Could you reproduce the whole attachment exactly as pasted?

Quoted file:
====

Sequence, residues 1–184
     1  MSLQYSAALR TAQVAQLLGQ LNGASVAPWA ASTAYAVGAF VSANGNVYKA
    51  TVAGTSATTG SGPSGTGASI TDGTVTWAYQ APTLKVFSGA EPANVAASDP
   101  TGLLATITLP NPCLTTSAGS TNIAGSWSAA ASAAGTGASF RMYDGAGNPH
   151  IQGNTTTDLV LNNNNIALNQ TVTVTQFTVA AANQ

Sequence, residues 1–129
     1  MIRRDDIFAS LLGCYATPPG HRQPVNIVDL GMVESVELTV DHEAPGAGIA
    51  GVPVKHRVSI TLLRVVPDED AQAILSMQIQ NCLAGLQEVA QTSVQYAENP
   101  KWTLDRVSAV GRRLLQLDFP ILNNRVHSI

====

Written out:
Sequence, residues 1–184
     1  MSLQYSAALR TAQVAQLLGQ LNGASVAPWA ASTAYAVGAF VSANGNVYKA
    51  TVAGTSATTG SGPSGTGASI TDGTVTWAYQ APTLKVFSGA EPANVAASDP
   101  TGLLATITLP NPCLTTSAGS TNIAGSWSAA ASAAGTGASF RMYDGAGNPH
   151  IQGNTTTDLV LNNNNIALNQ TVTVTQFTVA AANQ

Sequence, residues 1–129
     1  MIRRDDIFAS LLGCYATPPG HRQPVNIVDL GMVESVELTV DHEAPGAGIA
    51  GVPVKHRVSI TLLRVVPDED AQAILSMQIQ NCLAGLQEVA QTSVQYAENP
   101  KWTLDRVSAV GRRLLQLDFP ILNNRVHSI